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Level of maternal respiratory syncytial virus (RSV) F antibodies in hospitalized children and correlates of protection

journal contribution
submitted on 2024-05-09, 08:41 and posted on 2024-05-09, 08:42 authored by Sara A. Taleb, Khalid Al-Ansari, Gheyath K. Nasrallah, Mohamed A. Elrayess, Asmaa A. Al-Thani, Alexandrine Derrien-Colemyn, Tracy J. Ruckwardt, Barney S. Graham, Hadi M. Yassine

Background

Respiratory syncytial virus (RSV) is a major cause of lower respiratory infection among children and no vaccine is available. The stabilized form of the fusion (F) protein – pre-F – is a leading vaccine candidate to target different populations, including pregnant women. This study aimed to determine the magnitude and nature of RSV-directed maternal antibodies (matAbs) in hospitalized children with RSV infection.

Methods

Sixty-five paired blood samples were collected from RSV-infected children aged <6 months and their corresponding mothers. All pairs were screened for levels of pre-F and post-F antibodies using ELISA. The neutralizing antibodies (NAbs) in both groups were measured in vitro against mKate RSV-A2 using H28 cells.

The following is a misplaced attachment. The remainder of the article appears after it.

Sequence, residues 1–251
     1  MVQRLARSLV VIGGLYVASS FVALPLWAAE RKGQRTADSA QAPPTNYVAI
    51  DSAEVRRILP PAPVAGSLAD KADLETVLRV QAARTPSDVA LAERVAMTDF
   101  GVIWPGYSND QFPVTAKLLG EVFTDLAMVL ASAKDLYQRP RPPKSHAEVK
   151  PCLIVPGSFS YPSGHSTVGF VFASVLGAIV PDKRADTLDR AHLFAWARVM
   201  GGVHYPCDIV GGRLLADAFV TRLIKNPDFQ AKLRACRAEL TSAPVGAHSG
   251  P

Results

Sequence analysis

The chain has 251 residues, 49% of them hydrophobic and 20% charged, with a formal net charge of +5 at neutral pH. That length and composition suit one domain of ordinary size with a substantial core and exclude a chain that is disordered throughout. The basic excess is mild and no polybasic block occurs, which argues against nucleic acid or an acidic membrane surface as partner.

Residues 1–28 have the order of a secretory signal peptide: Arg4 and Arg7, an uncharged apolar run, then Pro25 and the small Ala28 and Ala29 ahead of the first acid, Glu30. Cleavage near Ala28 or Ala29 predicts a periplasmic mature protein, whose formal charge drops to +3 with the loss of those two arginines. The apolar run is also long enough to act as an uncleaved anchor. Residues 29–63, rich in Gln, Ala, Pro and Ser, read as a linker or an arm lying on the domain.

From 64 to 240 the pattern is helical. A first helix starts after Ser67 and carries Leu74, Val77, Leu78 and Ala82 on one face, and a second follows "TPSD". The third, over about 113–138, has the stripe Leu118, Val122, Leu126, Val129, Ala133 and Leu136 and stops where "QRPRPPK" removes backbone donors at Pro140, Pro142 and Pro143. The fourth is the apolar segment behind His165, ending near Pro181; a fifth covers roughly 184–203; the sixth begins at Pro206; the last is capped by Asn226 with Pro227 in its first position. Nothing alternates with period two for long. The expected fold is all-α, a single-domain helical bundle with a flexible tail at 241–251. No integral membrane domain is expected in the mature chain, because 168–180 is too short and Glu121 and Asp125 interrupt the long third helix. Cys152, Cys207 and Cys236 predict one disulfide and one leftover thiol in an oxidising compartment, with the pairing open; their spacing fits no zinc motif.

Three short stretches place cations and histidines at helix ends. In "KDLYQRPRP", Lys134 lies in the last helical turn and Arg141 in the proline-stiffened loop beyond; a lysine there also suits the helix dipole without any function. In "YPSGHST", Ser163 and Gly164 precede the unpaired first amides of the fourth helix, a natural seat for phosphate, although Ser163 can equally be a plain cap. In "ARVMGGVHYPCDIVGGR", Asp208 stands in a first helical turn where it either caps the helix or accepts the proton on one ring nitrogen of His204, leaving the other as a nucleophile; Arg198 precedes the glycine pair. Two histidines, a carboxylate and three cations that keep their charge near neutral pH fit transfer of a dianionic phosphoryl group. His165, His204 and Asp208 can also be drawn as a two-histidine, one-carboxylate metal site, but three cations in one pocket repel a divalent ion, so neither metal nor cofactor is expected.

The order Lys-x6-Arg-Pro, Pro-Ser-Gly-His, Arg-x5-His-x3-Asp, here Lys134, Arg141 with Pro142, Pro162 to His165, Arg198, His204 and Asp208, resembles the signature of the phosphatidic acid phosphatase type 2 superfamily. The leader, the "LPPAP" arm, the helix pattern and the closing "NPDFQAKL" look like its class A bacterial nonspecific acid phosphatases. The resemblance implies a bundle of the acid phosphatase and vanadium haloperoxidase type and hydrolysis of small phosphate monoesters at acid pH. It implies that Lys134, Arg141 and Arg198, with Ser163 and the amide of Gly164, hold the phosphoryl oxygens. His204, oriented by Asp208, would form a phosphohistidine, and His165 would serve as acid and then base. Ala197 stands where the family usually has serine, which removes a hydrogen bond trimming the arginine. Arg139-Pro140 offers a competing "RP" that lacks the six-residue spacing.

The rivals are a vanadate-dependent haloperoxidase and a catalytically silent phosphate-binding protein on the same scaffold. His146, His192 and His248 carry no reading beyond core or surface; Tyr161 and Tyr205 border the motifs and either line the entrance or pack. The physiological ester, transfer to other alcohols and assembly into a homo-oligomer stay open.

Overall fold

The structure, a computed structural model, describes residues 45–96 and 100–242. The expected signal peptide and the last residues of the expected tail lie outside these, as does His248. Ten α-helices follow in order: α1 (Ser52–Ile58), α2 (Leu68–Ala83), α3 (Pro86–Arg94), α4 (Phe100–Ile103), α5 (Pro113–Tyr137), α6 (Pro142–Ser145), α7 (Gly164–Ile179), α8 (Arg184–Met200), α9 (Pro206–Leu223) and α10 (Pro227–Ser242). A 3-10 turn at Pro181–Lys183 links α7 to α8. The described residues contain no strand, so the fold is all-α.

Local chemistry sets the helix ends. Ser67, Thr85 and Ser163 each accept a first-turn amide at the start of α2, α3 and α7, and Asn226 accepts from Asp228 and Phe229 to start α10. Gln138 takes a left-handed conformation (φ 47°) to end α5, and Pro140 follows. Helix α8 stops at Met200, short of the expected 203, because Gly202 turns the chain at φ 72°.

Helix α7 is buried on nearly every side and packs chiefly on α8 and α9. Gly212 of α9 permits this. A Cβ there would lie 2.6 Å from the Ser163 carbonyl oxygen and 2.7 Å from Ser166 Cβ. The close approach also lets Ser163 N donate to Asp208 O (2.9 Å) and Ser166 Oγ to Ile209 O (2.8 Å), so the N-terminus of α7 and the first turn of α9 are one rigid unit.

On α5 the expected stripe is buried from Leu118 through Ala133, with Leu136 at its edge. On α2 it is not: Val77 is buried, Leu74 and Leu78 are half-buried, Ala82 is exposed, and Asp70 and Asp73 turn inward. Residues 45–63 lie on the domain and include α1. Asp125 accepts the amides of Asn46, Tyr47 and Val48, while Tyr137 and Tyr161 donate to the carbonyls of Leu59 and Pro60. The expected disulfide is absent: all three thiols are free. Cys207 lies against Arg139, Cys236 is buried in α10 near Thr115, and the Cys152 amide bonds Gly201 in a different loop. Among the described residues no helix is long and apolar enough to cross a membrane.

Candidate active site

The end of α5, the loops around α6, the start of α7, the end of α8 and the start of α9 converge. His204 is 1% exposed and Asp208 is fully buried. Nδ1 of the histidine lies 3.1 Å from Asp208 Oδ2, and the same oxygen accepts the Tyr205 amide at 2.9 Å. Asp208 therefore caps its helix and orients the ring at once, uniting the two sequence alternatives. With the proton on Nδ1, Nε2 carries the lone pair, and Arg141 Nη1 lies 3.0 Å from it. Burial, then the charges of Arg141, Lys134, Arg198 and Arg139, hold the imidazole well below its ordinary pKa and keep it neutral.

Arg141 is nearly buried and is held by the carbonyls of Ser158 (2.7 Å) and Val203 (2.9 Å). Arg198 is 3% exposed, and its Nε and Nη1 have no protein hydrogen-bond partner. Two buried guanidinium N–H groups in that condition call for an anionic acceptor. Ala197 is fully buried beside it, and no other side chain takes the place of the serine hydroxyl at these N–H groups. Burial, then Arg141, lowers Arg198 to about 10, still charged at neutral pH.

Results

It was found that 14% of matAbs (log2 12.8) were present in infants at hospitalization, with an average log2 EP titer of 10.2 directed to both F-protein conformations. Additionally, 61.4% of maternal NAbs (log2 EC50 = 9.4) were detected in infants (log2 EC50 = 8.7), which were mostly pre-F exclusive (81%). Pre-F antibodies in children showed a positive correlation with matAbs titers and negative correlations with age and bronchiolitis score.

Conclusions

The maintenance of neutralizing activity in infants relative to maternal titers was greater than the maintenance of antibody binding based on ELISA, suggesting that higher-potency antibodies may have a longer half-life than weakly neutralizing antibodies.

Other Information

Published in: International Journal of Infectious Diseases
License: http://creativecommons.org/licenses/by-nc-nd/4.0/
See article on publisher's website: https://dx.doi.org/10.1016/j.ijid.2021.06.015

History

Language

  • English

Publisher

Elsevier

Publication Year

  • 2021

License statement

This Item is licensed under the Creative Commons Attribution-NonCommercial-NoDerivatives 4.0 International License.

Institution affiliated with

  • Hamad Bin Khalifa University
  • College of Health and Life Sciences - HBKU
  • Qatar University
  • Biomedical Research Center - QU
  • College of Health Sciences - QU HEALTH
  • Hamad Medical Corporation
  • Sidra Medicine

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